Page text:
Financial risks associated with a tit-for-tat diplomatic dispute between Turkey and the United States appear to have been almost fully resolved by late Wednesday. The U.S. Embassy in Ankara held a press briefing Wednesday afternoon in which it used language that signaled a major de-escalation of differences between both countries.

The Turkish lira traded at 3.61 to the dollar at the close of trading on Friday. On Sunday, the U.S. embassy issued a ban on processing of all non-immigrant visas at its embassy and all consulates. The exchange rate spiked at the open of trading late Sunday following the announcement to nearly 3.8 liras. As of this writing, the lira traded at 3.65, or 1 percent off its Friday close.

The initial dispute stems from the arrest of a U.S. Consulate employee by Turkish police. Turkish authorities allege the individual arrested is tied to its probe of the failed July 15 coup attempt. The individual in question has no diplomatic immunity and is a Turkish citizen. Therefore this individual is, according to Turkish government officials, not protected by any diplomatic agreement between both countries and can be tried in Turkish courts for alleged crimes.

Turkish prosecutors allege they have phone records that prove the consulate employee was in constant contact with many indicted coup attempt-related terrorists and also had contact with the ring-leader. U.S. officials allege the individual arrested was in contact with said officials as part of his duties at the consulate. Embassy officials also claim they have not received any official correspondence regarding their employee from Turkish officials.

"It is quite unusual for a government to detain and arrest employees of a diplomatic mission without holding any official discussion," U.S. Ambassador John Bass said.

The announcement Sunday was met with a response by the Turkish government, suspending all visa processing for U.S. citizens, mirroring the U.S. Embassy's actions. Following the U.S. Embassy's announcement, no word from U.S. State Department officials informing their Turkish counterparts of the visa suspension had been received until late Tuesday.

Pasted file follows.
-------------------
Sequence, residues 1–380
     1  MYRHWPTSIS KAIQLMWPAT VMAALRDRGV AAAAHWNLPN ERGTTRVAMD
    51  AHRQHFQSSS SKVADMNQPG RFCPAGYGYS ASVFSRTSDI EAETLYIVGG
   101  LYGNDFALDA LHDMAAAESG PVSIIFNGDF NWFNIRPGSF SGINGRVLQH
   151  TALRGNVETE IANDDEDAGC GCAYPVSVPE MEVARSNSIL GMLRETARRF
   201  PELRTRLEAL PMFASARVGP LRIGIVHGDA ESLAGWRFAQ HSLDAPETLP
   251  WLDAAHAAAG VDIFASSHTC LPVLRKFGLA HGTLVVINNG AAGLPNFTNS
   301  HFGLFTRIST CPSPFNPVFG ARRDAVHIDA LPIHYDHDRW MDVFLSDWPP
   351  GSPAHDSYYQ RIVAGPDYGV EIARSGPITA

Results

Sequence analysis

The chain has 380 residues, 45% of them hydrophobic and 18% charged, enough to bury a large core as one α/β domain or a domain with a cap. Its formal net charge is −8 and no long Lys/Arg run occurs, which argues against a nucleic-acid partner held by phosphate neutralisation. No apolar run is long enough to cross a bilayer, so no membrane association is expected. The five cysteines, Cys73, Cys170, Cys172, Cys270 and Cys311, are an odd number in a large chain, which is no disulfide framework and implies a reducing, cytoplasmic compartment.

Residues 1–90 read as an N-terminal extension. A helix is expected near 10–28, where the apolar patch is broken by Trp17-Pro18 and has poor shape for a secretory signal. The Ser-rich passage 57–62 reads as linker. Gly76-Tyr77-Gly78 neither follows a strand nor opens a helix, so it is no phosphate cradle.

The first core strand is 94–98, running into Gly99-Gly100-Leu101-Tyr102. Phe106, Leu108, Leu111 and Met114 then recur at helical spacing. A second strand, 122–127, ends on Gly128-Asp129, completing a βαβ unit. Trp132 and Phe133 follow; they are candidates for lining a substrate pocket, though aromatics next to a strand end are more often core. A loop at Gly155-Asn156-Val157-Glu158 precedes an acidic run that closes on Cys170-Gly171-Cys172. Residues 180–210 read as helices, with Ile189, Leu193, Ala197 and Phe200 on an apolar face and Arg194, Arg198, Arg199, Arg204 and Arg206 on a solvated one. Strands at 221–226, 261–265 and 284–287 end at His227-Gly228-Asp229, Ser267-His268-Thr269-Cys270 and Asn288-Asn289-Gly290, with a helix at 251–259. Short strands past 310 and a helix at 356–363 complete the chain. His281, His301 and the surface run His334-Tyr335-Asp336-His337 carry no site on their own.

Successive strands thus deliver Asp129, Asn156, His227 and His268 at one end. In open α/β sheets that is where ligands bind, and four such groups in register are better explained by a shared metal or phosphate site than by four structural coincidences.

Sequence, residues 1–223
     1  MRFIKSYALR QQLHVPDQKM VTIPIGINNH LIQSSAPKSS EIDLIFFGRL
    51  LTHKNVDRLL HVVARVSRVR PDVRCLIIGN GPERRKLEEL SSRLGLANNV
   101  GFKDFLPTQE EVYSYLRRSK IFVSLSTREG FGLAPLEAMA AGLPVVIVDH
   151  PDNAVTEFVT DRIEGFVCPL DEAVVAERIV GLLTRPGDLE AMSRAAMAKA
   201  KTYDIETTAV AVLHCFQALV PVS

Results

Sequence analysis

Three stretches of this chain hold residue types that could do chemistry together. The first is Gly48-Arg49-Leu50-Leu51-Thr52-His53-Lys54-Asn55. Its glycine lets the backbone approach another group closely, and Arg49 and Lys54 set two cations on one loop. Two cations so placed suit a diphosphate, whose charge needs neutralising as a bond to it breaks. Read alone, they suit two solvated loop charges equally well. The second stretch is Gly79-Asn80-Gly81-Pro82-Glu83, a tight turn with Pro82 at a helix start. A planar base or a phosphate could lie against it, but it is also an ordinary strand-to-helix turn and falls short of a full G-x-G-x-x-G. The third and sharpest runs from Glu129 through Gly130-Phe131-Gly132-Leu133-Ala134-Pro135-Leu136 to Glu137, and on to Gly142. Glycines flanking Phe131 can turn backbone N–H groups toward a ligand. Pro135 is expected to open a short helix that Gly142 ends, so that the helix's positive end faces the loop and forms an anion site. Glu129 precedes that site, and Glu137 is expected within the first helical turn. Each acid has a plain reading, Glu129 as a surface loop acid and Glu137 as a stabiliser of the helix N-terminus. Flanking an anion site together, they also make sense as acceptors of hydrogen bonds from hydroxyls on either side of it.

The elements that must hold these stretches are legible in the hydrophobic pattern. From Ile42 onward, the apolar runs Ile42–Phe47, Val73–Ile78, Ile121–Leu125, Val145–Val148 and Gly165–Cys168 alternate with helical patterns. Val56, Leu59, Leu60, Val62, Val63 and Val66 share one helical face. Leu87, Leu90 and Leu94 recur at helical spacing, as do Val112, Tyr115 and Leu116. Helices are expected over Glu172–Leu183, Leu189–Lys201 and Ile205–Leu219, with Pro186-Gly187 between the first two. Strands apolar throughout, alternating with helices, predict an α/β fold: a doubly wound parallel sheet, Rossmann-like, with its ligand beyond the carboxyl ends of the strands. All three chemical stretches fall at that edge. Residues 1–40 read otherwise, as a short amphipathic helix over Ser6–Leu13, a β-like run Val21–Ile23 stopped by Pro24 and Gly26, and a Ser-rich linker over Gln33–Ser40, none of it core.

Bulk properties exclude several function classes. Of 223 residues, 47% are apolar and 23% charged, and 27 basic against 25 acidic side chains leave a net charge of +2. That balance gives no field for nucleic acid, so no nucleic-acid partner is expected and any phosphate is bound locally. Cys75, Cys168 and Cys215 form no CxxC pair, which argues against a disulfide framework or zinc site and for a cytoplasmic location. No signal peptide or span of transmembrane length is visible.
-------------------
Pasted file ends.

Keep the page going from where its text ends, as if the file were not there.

While it was Columbus Day in the United States and government offices were closed, Turkish officials were left guessing if this move was one made unilaterally by the U.S. ambassador in Ankara or by Washington. President Recep Tayyip Erdoğan questioned the move while on a state visit to Serbia.

Late Tuesday, U.S. officials responded that the move was made in coordination with the White House and the U.S. State Department. By Wednesday afternoon the U.S. Embassy in Ankara voiced an interest in de-escalation and lifting the temporary visa application ban at its missions in Turkey while reiterating Turkish citizens could still apply outside of Turkey.

Markets appear to have shrugged off the implications of this latest installment of the tit-for-tat between the two countries. Turkey is most concerned with U.S. support for the Democratic Union Party (PYD), a group Turkey says is an offshoot of the PKK, which is a terrorist group that is officially recognized by the U.S. and the European Union.

Turkey believes the endgame for the U.S. is the establishment of a separatist Kurdish state along the southern border of Turkey. The U.S. denies such accusations.

Markets believe that both sides have realized mutual cooperation is far more important than the recent disagreements. The U.S. embassy seems to be particularly displeased with leaks from Turkish prosecutors of phone records of the U.S. consular staffer which appear to show constant communication with law enforcement officials currently indicted for terror related activities.

Turkish officials responded that the U.S. provided no such courtesy when arresting a Turkish government worker for official duties while working at a government bank, Halkbank.

The U.S. ambassador, in a video released following the visa suspension, questioned whether or not some Turkish officials wanted purposely to strain relations between the two countries. Similar comments were made by Turkish officials regarding U.S. officials.

With Turkish credit default swaps currently trading cheaper by nearly two percent and the Turkish benchmark equity index trading higher than its Friday close, this mini-crisis appears to be nearing a mutually beneficial resolution. The BIST100 traded at 104,449 late Wednesday while credit default swaps traded at 1.7843. The bounce back of financial markets indicates markets believe visa processing on both sides will resume in the near future.